Lunar New Year or Spring Festival is one of the most important festivals in China and a significant event in many East Asian nations. Chinese New Year starts with the New Moon and ends with the Full Moon, which falls between the 1st and 15th of the first month. Lots of traditions and preparations come with Lunar New Year, such as:
One more significant tradition Chinese families follow before New Year - they usually attach the character “福” (which means happiness and good fortune) upside down to their front door. They do it to attract happiness and prosperity in the coming year. Let’s take a look at how it works.
“福” means good fortune or happiness. The Chinese like to stick the “福” character written on red paper on their door or wall, and doing this means that you will have good fortune in the coming year. But pay attention when you put up the “福” character because you should put the “福” upside down. Why? The word for upside down in Chinese is “倒 [dào]”, and if you take the characters “福[fú]” and “倒[dào]” and read them together, you get “福倒” [fú dào]”. The character “倒 [dào] meaning “reverse” is pronounced just like the character for arrival, “到[dào]”. So “happiness reversed” sounds just like “happiness arrives”, and thus putting the “happiness” character upside down means that happiness will arrive at your house.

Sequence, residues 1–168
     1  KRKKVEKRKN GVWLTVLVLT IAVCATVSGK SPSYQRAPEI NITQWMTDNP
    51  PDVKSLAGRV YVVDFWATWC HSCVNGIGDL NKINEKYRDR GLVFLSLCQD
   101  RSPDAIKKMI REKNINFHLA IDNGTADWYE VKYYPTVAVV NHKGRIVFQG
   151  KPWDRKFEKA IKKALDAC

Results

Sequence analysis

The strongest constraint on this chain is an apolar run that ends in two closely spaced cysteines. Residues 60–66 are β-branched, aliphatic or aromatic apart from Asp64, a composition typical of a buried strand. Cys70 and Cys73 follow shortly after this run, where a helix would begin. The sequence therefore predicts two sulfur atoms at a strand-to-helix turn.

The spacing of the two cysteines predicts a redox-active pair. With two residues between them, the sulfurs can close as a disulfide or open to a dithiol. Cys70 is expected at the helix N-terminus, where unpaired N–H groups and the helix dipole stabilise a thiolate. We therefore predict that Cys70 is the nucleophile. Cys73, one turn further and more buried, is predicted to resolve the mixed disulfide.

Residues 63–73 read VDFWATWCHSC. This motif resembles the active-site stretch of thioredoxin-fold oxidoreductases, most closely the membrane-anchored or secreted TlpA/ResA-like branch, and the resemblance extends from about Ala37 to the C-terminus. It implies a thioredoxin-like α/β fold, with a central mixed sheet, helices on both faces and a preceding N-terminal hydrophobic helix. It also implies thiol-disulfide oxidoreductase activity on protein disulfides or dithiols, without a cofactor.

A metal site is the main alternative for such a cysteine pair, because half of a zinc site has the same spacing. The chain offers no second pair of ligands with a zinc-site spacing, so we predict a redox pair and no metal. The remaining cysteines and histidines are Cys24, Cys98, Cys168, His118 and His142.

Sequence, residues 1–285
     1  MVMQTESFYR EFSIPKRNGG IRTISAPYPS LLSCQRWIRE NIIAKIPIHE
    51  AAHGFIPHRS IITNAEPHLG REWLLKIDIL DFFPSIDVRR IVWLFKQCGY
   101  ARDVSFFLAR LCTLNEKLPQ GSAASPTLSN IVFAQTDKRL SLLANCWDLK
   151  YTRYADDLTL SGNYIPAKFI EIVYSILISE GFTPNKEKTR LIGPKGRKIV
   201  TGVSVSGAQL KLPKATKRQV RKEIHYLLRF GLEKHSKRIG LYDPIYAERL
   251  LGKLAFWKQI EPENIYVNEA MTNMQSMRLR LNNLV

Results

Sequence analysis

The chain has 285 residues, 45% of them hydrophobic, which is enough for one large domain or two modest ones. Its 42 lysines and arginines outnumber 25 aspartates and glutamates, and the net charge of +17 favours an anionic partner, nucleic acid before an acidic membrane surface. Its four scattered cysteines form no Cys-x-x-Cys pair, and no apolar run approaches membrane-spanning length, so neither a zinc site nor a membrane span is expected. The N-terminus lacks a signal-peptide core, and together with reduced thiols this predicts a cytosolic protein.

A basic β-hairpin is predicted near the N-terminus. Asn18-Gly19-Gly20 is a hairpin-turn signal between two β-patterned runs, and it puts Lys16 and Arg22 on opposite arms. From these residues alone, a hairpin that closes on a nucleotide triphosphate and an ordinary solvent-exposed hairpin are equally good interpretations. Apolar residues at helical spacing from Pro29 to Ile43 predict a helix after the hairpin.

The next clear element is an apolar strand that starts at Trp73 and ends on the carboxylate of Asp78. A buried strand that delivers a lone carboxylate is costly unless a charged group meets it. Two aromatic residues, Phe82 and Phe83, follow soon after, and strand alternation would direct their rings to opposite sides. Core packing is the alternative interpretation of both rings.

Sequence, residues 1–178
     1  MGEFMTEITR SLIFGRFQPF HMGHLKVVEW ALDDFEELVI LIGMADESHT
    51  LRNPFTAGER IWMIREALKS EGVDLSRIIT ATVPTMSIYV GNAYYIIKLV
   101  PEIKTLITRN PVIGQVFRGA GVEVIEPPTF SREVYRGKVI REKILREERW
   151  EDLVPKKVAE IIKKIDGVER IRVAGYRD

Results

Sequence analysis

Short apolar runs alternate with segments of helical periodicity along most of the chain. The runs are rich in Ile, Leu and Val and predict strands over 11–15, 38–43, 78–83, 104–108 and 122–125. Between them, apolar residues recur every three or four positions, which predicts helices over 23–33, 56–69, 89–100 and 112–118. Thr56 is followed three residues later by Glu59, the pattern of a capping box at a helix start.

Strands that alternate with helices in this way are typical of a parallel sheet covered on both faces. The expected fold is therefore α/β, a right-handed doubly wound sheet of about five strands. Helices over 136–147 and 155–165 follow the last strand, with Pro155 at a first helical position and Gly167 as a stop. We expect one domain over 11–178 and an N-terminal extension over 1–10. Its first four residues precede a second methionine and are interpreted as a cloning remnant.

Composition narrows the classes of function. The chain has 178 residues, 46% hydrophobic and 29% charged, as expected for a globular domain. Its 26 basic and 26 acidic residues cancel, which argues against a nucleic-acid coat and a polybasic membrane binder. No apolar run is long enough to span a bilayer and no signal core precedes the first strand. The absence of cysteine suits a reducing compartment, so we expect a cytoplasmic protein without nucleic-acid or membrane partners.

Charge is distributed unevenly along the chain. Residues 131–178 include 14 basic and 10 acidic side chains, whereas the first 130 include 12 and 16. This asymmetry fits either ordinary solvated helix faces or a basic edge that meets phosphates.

You might wonder what is the story behind this tradition and how it started. There are several versions of how this tradition began, let’s learn about 2 of them today.
The first story shows that it was merely a mistake made by one family a long time ago. Rather than placing the symbol upright, the family flipped it upside down. Every time visitors came to their house during Chinese New Year they noted “福” was upside down, and said: “Your Fu is upside down ”. Considering the words “to arrive” and “upside down” being almost homophonous, it sounded like “Fu arrives”. This is one version of how upside down “福” started a manifestation to bring wealth and prosperity to homes.
The second story dates back to the Qing Dynasty period when a servant wanted to impress his master. He wrote “福” on paper and arrange it to be hung around the mansion. It was unfortunate that the workers hired to do the job were illiterate and hung “福” upside down on the front gate. The Master got angry when he found out what happened and seek to punish the ones responsible.
The servant, from his side, used creativity and said that today is Master’s lucky day and that it is actually a good sign. The master believed the servant and remembered how people passing the mansion were saying ‘The fortune has arrived at the master’s house'. In response to this occurrence, the practice of arranging “福” upside down was born. Families paste it upside down every Spring festival hoping to receive good fortune.
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Diliara Umiarova is a Junior Growth Marketing Specialist, interested in Chinese culture and living in Turkey
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